‘An Inspector Calls’
Classical Literature Major – Due 01/05/2013
AN INSPECTOR CALLS BY J.B PRIESTLEY
Good Evening Reading Group,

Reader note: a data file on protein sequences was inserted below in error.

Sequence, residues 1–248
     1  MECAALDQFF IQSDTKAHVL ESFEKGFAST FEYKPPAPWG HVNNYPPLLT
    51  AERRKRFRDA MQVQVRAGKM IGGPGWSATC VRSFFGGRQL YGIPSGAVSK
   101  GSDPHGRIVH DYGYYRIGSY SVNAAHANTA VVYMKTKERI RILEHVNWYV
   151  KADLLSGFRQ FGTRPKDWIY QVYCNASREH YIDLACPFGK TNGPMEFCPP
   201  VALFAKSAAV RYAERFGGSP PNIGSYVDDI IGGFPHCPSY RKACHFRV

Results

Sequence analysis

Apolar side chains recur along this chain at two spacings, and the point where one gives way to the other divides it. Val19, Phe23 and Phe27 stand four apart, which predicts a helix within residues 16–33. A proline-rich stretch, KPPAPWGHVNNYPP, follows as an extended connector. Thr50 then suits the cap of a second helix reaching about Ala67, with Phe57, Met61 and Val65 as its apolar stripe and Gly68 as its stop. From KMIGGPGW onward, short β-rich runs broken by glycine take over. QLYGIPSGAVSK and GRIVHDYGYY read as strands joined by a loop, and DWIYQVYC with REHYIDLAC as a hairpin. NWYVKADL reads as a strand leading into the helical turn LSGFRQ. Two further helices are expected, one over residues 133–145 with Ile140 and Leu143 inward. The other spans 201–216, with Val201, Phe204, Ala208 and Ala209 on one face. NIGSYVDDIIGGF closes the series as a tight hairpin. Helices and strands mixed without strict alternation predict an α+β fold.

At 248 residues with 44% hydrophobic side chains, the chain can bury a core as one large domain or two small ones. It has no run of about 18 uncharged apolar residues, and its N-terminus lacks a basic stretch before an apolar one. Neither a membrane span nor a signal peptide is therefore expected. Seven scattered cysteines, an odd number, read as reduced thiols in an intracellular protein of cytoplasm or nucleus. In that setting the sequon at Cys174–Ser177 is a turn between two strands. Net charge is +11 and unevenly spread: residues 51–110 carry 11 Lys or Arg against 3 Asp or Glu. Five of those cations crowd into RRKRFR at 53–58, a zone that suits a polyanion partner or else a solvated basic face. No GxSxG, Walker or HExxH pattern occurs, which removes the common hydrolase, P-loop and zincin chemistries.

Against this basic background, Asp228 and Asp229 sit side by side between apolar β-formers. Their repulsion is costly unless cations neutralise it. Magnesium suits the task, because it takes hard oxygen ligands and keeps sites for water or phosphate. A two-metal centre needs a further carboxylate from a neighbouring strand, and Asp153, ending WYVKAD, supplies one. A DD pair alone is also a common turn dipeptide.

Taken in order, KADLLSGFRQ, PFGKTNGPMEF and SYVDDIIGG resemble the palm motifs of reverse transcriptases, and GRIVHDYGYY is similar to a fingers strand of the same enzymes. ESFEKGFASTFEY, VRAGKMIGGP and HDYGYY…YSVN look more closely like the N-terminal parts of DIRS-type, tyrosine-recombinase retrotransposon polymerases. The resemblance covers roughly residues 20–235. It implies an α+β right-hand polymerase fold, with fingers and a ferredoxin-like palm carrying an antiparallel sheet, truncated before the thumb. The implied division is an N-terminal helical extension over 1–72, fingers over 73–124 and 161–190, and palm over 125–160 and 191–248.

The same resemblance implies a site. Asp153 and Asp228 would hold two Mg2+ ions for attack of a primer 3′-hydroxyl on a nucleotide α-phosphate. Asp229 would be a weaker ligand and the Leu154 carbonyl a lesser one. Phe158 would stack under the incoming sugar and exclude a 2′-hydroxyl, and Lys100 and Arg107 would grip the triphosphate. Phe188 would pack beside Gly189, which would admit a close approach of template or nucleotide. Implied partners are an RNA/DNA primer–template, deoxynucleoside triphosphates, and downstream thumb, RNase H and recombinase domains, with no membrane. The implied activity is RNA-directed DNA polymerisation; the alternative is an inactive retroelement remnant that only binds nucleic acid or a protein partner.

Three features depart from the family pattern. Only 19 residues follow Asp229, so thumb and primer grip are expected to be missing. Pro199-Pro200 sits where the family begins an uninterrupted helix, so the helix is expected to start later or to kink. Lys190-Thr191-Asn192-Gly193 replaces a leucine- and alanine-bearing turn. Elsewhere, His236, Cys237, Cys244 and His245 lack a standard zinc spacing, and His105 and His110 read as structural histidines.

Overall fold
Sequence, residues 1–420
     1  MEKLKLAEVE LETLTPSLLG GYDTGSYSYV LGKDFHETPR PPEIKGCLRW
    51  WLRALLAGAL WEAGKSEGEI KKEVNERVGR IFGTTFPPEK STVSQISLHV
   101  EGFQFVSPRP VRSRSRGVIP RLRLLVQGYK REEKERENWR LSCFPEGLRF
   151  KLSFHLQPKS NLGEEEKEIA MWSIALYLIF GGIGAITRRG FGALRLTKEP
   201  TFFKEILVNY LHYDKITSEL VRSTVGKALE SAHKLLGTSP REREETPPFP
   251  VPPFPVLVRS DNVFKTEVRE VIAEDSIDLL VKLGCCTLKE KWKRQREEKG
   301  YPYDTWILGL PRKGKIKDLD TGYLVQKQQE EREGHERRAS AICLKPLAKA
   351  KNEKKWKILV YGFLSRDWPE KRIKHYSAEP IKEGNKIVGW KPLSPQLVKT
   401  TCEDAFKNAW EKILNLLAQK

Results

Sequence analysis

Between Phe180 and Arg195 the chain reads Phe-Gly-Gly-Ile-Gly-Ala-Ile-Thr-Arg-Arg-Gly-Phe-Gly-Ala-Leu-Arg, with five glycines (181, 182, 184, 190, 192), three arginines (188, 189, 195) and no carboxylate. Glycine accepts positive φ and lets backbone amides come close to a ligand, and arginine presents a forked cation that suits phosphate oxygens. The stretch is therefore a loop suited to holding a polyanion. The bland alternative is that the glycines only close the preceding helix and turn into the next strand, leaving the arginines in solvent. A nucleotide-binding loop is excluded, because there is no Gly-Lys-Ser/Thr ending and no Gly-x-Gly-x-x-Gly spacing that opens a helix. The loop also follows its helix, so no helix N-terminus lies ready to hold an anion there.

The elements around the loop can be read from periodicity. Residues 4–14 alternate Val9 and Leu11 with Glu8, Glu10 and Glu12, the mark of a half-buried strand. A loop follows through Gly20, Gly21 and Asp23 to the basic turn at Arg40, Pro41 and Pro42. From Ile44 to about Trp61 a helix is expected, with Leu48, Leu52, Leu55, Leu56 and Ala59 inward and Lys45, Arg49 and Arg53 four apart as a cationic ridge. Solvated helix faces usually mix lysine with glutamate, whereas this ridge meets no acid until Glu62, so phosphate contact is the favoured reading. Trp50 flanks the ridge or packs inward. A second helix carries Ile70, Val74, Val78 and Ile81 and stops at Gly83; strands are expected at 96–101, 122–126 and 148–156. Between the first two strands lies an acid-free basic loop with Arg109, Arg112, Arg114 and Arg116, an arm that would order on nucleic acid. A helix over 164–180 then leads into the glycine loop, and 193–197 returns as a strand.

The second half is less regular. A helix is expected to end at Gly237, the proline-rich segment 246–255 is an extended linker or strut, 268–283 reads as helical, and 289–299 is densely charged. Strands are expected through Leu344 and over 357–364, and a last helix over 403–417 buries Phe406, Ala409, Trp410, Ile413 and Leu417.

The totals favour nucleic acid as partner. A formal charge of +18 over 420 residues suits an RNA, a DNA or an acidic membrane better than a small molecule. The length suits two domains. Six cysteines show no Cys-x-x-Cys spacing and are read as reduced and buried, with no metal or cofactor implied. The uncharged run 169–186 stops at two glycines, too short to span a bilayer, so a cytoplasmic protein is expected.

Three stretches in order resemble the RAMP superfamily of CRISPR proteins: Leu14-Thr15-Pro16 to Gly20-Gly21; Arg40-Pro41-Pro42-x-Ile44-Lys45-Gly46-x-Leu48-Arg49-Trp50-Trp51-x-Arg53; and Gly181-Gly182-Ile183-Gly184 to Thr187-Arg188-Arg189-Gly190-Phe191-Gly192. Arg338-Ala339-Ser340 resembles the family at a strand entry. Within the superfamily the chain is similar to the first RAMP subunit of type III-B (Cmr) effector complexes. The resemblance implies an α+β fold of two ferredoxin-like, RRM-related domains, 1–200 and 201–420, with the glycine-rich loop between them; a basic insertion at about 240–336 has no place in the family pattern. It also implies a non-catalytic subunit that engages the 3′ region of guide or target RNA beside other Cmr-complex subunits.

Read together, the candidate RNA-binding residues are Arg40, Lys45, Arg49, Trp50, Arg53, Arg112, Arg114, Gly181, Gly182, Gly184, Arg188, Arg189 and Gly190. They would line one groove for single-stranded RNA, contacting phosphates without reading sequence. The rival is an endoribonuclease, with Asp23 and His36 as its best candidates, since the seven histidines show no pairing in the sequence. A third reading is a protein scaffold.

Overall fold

I am Lindsay Kotmel and welcome to a seminar on ‘An Inspector Calls’ inclusion within the western canon. Some institutions such as schools, religion and the media determine what is considered ‘truth’ and ‘knowledge’ on a variety of issues, theories and concepts within society. Thus constructions arrived from culture and history as well as the interests of particular groups. As culture changes, so do the concepts of truth and knowledge and therefore the literature that is worthy of the Western Canon. Though a classic contains a universal appeal, it is a snapshot of the era it was written. It presents depth into the era but also transcends this by lasting the test of time. In examining J.B. Priestley’s ‘An Inspector Calls’, set in 1912, the author challenges the dominant discourse of the time it was set introducing the constructed themes of responsibility, class system and gender within society. He demonises the capitalist way present in the day and privileges the socialist manifesto though character construction. He presents the need for conscience to override society and the importance of welfare, women’s rights and social justice. Matthew Sweet of the UK Independent wrote that ‘An Inspector Calls’ ‘…speaks a truth we can’t ignore…’ and that it was ‘…two hours of conscience stirring drama’ (Sweet 2001). However, to determine if Priestley’s ‘An Inspector Calls’ proves worthy enough to become a classic worthy of the Western Canon, many factors must be considered. J.B Priestley wrote ‘An Inspector Calls’ in 1946 to open the minds of his audiences at faults within society. Leaving school at 16, by the age of 20 Priestley was a conscripted soldier in World War I. It would be these experiences of the prelude to and during the Great War that would later heavily influence his writings. Setting the book in 1912, two years before the outbreak of World War I, Priestley carried direct experience of the failings of the generation and its society. He skilfully weaves these failings within the plot and characters. At this time, the British Empire covered a quarter of the globe. The Edwardian era was infamous for luxury, elegance and extravagance led by the rich but it was also the era of prejudice, hypocrisy and exploitation. Priestley stated during the first war, ‘Britain, which in the years immediately before the war was rapidly losing such democratic virtues as it possessed, is now being bombed and burned into democracy (Priestley cited in BrainyQuote, n.d.).’ He uses dramatic irony in the play to show the unrealistic views of the future by the prominent members of society represented by Birling. Birling states that the Titanic would be unsinkable and a World War would be inconceivable. Shown in 1947, the audience knows that both these statements would soon prove tragically false. Composed at the conclusion of World War II, England had endured two wars leaving the younger generation to pick up the shards resulting in feelings of resentment and anger. The concept of the class system and the individual were, at this time, practically non-existent. England was swept by a mood highlighting the importance of the conscience and the community. Priestley uses the play, ‘An Inspector Calls’ as a timely response to plea and to encourage the younger generations to realise and act on the mistakes of the older generations, marginalising the selfish ‘every man for himself’ philosophy. A political mastermind, Priestley shows his views on capitalism through themes of greed, selfishness and the concept of the individual over the community through the characters of the Birling family. Set during the rise of the industrial revolution, the upper class family derive their wealth from the manufacturing industries, much of the population moved to the cities creating a...